|Supporters accompany me as I near the top of Taldyk Pass (3700m), one of the mountain barriers we must cross as we slowly climb towards the Pamir Plateau.|
- We rode from Osh, Kyrgyzstan up the Gulcha Valley, over two passes to Sary Tash, the final outpost village in the south east corner of Kyrgyzstan.
- In Sary Tash we stocked up on food to ride over Kyzyl Art Pass which doubles as the Tajikistan border and the gateway to the High Pamirs.
- Six days after leaving Osh we crossed our highest point in the Pamir Highway (Ak-Baital Pass at 4650m), and rolled down to the town of Murghab. We had climbed 5,500m in 5.5 days.
- Three more days saw us gaining our final pass (Koizetek Pass 4370m), before we dropped down towards Khorog on the Panj River.
- We will now continue on the Pamir Highway from Khorog to Dushanbe.
|As we ride out of Sary Tash towards the Pamir and the Tajik border a dramatic sunset graces our last night in Kyrgyzstan.|
|Riding into the Pamir, an impressive Lenin Peak (7000m) guarding our entrance. Our pass onto the plateau (Kyzyl Art Pass) is hidden somewhere up ahead.|
|Having gained the plateau, we roll down from Kyzl Art Pass to Lake Karakul.|
|Our camp in the salt desert valley below Ak-Baital Pass|
The High Pamir
It is the light that is different up there. The vast plateau scapes glow with a shimmering clarity; the plain browns and ochres take on an incredible richness. In the arching bowl of sky above us, the cloudscapes against the deep blue have an intense 3D quality. And when it is quiet, and the daytime winds die away, you feel the stillness reach away from you right to the distant horizons of this roof of the world.
|Morning riding, still and bright.|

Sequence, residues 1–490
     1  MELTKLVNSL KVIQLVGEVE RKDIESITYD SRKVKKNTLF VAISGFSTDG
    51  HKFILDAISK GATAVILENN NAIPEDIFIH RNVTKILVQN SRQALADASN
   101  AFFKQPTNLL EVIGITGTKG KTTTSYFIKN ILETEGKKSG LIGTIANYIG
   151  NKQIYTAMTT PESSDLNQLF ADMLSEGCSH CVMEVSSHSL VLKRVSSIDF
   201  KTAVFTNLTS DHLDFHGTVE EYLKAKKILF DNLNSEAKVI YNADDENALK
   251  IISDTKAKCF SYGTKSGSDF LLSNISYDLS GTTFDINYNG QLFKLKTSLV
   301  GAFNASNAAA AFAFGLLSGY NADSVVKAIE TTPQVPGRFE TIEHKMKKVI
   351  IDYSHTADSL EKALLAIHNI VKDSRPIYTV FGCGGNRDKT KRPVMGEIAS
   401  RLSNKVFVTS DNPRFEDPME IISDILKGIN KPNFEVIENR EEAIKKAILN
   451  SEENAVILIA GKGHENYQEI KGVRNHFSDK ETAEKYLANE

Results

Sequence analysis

|On Ak-Baital Pass, our highpoint at 4650m|
|Murghab, the regional centre of the Eastern Pamir.|
|A welcome break from some windy riding, in the form of a lovely family who feed us fresh bread, tangy yoghurt, cream and chai in their stunning yurt.|
|Getting a little afternoon nap in the peacefulness of the yurt.|
|A facinating array of hardy and well adapted plants still survive the challenging conditions up on the High Pamir.|
We were also fascinated by altitude related phenomena. The tarseal on the roads was in many places very soft and spongy. Is melting temperature reduced at altitude, as well as boiling temperature?? After noticing our hearts were beating extra fast, we took our resting pulses at a high camp. They were about 80 up at 4100m, and dropped to 48 when we dropped to 2500m. No wonder we got a bit tired!
|Enjoying a calm evening above our campsite. If you went 50km up the valley to the right, you would drop into the Wakhan Corridor and the border with Afghanistan.|
|I bought these beautiful Pamir socks from this lady in Pish Village, Ghund Valley. She bargained hard, but once the purchase was made I was her best buddy!!|
|As we dropped off the Plateau to the east, we revelled in the lushness, growth and warmth of the lower lands on the Ghund Valley.|
|The beautiful Ghund Valley.|
|Shitam Village is nestled at the mouth of this rough side valley. Their irrigation channels allow them to grow trees for shade, snippets of pasture, and a few vegetables like potatoes and onions.|
|We were overwhelmed by the sharp peaks of the Western Pamir that towered over us as we rolled down the Ghund.|
|A delicious lunch of watermelon,a massive flat bread and a delicious pasta dish was offered by this kind group of workers. They are building the stone walls around these new houses, one of the many Aid funded programmes we saw in the valley.|
|What incredible greeness after the barreness of the Eastern high Pamir. We are nearing Khorog, a town on the Panj River (the Upper Oxus) in the Western Pamir.|